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Research: Novel technique to effectively treat cancer identified

Novel technique to effectively treat cancer identified

The findings could help fine-tune treatment for cancer patients and revitalise an interest in the use of microtubule targeting agents (MTAs) which are commonly used as chemotherapies in cancer patients.

Cancer therapies that cut off blood supply to a tumour could more effectively treat the deadly disease when combined with existing chemotherapeutic drugs, a study has found. The research, published in the journal EMBO Reports, showed that tumour growth is better-reduced in mice when the expression of a particular protein called Beta3-integrin is targeted in combination with drugs that are already used in cancer patients. The findings could help fine-tune treatment for cancer patients and revitalise an interest in the use of microtubule targeting agents (MTAs) which are commonly used as chemotherapies in cancer patients.

“Tumours must recruit their own blood supply to grow beyond a very small size and this process is called angiogenesis,” said Stephen Robinson from the University of East Anglia in the UK. “Anti-angiogenic drugs stop tumours from growing their own blood vessels, and this in turn can slow the growth of the cancer, or shrink it. Targeting angiogenesis is therefore seen as crucial in many anti-cancer strategies,” said Robinson.

“However many anti-angiogenetic therapies target proteins that help the functioning of a patient’s normal blood supply – and this can lead to nasty side effects including haemorrhage, strokes, high blood pressure, and fatigue,” he said. Researchers have long looked at Beta3-integrin as a better anti-angiogenic target because the protein is not expressed in normal blood vessels, but is expressed in tumour blood vessels.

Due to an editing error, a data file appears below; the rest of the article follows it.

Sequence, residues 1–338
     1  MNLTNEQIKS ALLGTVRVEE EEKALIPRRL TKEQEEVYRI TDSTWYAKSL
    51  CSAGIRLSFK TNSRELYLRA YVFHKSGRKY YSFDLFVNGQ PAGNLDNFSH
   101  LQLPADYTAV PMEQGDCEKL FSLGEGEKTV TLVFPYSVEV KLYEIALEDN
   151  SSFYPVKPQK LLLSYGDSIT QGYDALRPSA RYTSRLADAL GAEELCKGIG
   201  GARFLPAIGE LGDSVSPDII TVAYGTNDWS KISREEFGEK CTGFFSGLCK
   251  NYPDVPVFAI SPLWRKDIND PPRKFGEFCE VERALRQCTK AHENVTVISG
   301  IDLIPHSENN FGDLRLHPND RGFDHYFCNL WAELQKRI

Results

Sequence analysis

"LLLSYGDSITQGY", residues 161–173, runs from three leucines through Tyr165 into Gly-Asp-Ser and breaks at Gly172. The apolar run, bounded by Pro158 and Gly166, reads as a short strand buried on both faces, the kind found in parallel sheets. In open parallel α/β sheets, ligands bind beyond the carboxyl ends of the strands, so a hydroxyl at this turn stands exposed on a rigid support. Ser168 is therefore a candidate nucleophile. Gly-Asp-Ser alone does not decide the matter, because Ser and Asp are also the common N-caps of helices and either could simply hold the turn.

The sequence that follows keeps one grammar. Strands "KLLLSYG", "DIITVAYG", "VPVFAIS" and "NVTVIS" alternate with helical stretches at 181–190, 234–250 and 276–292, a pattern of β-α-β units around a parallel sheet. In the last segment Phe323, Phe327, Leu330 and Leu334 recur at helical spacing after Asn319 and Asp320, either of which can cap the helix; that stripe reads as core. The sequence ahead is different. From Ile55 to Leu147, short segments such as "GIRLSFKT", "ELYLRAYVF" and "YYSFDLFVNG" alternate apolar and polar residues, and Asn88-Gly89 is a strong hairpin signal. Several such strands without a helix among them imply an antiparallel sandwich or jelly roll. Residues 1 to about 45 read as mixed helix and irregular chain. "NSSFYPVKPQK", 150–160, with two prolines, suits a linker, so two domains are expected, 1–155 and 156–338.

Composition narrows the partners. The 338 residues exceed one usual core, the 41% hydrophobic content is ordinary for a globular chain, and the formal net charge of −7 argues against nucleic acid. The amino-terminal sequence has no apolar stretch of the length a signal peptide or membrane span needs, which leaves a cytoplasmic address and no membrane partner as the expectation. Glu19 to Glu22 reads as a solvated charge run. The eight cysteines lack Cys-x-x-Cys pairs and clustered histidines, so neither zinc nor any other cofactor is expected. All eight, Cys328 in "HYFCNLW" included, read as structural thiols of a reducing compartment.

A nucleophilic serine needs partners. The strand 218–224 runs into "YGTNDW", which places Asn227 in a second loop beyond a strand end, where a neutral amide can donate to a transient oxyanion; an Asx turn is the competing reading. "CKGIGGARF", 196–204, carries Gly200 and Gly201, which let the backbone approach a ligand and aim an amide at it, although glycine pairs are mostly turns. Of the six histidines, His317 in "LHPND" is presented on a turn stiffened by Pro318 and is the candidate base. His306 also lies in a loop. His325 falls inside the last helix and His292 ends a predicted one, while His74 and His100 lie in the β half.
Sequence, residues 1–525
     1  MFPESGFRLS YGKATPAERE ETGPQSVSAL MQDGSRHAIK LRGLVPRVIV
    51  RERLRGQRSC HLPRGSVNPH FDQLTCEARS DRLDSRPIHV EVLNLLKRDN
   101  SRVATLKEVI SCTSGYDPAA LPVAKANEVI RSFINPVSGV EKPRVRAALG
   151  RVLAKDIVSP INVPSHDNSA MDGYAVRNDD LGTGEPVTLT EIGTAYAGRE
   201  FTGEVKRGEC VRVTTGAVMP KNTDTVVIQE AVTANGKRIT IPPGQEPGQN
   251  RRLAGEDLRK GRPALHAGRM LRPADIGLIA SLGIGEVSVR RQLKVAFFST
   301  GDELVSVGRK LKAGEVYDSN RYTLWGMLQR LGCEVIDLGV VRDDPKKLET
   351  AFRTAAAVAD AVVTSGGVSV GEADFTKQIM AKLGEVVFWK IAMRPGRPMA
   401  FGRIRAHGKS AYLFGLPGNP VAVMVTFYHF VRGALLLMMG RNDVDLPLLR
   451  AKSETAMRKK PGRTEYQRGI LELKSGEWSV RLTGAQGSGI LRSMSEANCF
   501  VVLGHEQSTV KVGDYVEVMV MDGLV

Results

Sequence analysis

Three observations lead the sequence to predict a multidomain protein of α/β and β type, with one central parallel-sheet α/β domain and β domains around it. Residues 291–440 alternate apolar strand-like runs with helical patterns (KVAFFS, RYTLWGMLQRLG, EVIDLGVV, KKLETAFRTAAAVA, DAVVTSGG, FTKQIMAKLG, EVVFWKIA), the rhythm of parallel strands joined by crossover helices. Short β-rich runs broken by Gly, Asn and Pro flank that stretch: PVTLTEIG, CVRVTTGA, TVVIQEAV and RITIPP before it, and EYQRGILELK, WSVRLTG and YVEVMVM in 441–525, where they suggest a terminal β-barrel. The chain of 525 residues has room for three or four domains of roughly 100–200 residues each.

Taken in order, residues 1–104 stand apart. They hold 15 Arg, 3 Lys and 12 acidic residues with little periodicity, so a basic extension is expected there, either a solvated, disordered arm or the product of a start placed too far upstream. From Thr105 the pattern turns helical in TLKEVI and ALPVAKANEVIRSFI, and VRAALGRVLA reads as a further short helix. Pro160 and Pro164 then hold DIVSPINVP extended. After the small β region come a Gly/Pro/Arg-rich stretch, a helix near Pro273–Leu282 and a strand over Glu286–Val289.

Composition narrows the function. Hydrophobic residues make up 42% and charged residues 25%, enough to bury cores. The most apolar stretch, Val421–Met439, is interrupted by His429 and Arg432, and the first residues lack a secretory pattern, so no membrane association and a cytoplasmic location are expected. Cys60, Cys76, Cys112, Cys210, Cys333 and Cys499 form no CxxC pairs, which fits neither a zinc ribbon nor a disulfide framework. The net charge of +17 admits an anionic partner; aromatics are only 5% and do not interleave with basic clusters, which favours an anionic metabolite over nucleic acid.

This reduces the potential for unwanted side effects. Targeting Beta3-integrin in combination with microtubule targeting agents, which are widely used in cancer patients, works better than targeting Beta3-integrin alone, researchers said. Microtubules are protein structures in cells that help them move and divide.

Specifically, researchers looked at how Beta3-integrin and microtubules interact with one another in the cells that line blood vessels (endothelial cells), and showed that microtubules behave differently when Beta3-integrin levels are reduced; the microtubules become more sensitive to the chemotherapies that are used to hit them.

“This protein, Beta3-integrin, has been the focus of drug design over the last two decades because its expression is vastly increased in endothelial cells during blood vessel recruitment to tumours,” Robinson said. “We found that targeting the protein Beta3-integrin in combination with the use of microtubule targeting agents (MTAs) could be a good way to stop tumours recruiting a blood supply to grow,” he said.

“This is really important because MTAs are already in clinic and commonly used as chemotherapies such as paclitaxel in cancer patients. Meanwhile Beta3-integrin inhibitors have been at the centre of cancer drug design for over 20 years and are well-tolerated in clinical trials,” he added.

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